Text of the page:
In 1613 Champlain explored the Ottawa, the river that would become the main highway to the west, as far as Allumette Island. He then returned to France and persuaded the Récollet order of Roman Catholic priests to send four missionaries to Canada. Two years went by before he returned with the Récollets. He then set out on a major voyage of discovery to the country of the Huron, the territory between Georgian Bay and Lake Ontario.
On this journey Champlain and his party explored Georgian Bay and Lake Ontario. He spent the winter of 1615 in the Huron country, where he learned much about the land and its inhabitants. He was particularly interested in knowledge of the area farther west, beyond Lake Huron. He learned that this area contained other vast lakes, but the Huron would not allow him to go there. They were at war with the nations to the west and were afraid that the French might establish relations with their enemies. Thus Champlain had to rely on scanty information for the map that he eventually produced of the region. As a result, the map was flawed, but his account of his stay with the Huron is a mine of information about these people, their customs and religion, and the geography of the country.
|VII||THE STRUGGLE FOR FINANCING|
In 1610, while in France, Champlain was married to Hélène Boullé. It appears to have been a marriage of convenience: he was then in his forties, and she was 12 years old. She brought a handsome dowry of 6000 livres, money that he urgently needed to keep the Québec post in operation. Hélène accompanied Champlain to Québec in 1620 and stayed there with him for four years. She then went back to France with him and never returned.
From 1616 to 1620 Champlain spent most of each year in France, with brief summer visits to Québec. In France he had to struggle to keep the Canadian enterprise alive, raise capital, and enlist workers. He also had to fight to keep his command over Québec. In 1618 he presented reports on the future of the French colonies in America to the king and to the French Chamber of Commerce.
In these reports he proposed that 300 settler families and 15 Récollets be established at Québec, with 300 soldiers to protect them. He claimed that this would give France the ability to control the interior of the continent and to convert the pagans to Christianity. Wealth would pour into France from the land’s resources of fish, timber, copper, iron, silver, and precious stones. However, he believed that the major benefit would be the revenue from the short water route to the western ocean and China, once this route was discovered. Then all the maritime nations of Europe would have to use it and pay whatever tolls France chose to levy.
Champlain’s struggles to maintain the infant colony took a turn for the better in 1627 when the king’s first minister, Cardinal Richelieu, took charge of the overseas colonies. He founded the Company of One Hundred Associates and required each associate to invest a large sum of money. Champlain became one of the associates and remained in charge of New France.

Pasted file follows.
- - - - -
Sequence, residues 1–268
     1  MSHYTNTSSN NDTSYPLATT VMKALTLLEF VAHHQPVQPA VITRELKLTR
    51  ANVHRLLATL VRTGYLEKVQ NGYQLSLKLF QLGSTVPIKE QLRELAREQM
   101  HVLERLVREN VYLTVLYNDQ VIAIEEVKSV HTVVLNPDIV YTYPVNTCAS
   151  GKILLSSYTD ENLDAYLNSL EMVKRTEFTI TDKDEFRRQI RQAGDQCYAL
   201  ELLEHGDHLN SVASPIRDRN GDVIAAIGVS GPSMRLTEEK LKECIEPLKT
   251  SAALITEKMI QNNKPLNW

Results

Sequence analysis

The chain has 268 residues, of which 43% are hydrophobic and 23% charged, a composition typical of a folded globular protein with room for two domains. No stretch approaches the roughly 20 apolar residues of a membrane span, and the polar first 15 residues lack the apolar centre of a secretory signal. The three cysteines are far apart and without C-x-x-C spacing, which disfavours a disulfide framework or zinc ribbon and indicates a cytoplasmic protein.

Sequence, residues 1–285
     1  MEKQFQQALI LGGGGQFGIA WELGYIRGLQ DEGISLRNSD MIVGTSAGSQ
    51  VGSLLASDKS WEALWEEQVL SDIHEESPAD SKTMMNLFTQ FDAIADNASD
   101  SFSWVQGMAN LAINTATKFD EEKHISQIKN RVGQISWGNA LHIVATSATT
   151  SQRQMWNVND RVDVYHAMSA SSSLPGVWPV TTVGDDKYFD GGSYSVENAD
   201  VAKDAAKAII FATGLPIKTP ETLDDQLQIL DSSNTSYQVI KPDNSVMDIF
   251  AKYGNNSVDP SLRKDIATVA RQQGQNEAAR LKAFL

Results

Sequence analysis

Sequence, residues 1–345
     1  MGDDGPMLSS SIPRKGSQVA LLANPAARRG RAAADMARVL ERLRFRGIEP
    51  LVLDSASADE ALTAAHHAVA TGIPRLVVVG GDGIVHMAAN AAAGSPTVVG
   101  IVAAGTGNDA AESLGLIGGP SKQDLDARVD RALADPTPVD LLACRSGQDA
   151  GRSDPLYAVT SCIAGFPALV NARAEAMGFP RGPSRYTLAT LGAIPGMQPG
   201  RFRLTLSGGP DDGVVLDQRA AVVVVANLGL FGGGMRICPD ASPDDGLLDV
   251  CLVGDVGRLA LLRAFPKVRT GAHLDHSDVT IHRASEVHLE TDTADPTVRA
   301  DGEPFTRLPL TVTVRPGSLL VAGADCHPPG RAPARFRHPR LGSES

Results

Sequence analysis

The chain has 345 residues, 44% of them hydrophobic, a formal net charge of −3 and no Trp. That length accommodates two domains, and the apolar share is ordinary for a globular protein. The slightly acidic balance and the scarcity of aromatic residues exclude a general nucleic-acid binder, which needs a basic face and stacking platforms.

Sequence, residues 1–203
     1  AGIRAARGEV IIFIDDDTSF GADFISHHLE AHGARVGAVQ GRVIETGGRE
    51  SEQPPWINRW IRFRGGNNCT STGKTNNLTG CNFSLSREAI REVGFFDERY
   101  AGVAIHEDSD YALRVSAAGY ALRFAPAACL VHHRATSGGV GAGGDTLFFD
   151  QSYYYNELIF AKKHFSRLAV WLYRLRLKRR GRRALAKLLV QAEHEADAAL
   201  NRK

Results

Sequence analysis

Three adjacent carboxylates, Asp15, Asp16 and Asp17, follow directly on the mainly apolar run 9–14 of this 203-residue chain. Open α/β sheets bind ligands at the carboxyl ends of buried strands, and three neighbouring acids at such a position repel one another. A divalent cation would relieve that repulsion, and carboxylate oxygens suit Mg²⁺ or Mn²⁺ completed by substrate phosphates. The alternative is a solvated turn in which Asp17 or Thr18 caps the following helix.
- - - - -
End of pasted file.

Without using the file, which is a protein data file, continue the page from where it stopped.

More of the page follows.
But two years later disaster struck. Anglo-Scots privateers, the Kirke brothers, drew up their ships at Québec in 1629 and demanded its surrender. Champlain had to comply because he did not have the manpower to resist: in all of New France—Canada and Acadia together—there were only 107 settlers at that time. The Kirkes also seized the company’s convoy of ships bringing reinforcements and supplies up the St. Lawrence. That loss exhausted the company’s capital, and it never recovered. Champlain was taken prisoner and held in England until 1632. In 1633 he returned to New France and tried to repair the damage done by the Kirkes and reestablish good relations with his old allies. However, his health began to fail, and he died at Québec on December 25, 1635. Toward the end, his mind bewildered, he dictated a new will leaving all his possessions to the Virgin Mary. Two years later his wife succeeded in having the will annulled.
Champlain accomplished much during his relatively long life. He produced the first accurate chart of the Atlantic coast from Newfoundland to Cape Cod and maps of the St. Lawrence Valley and Great Lakes Basin. Many of his observations were published in the large body of writing he left behind, which eventually was printed in six volumes. Champlain’s accounts of the habits and characteristics of indigenous peoples, although flawed by his lack of understanding of their cultures, have been of great value to historians.
Champlain established the commercial and military alliances that endured to the end of the French regime in Canada. He created and maintained a base for the future French empire in North America in the face of great difficulties.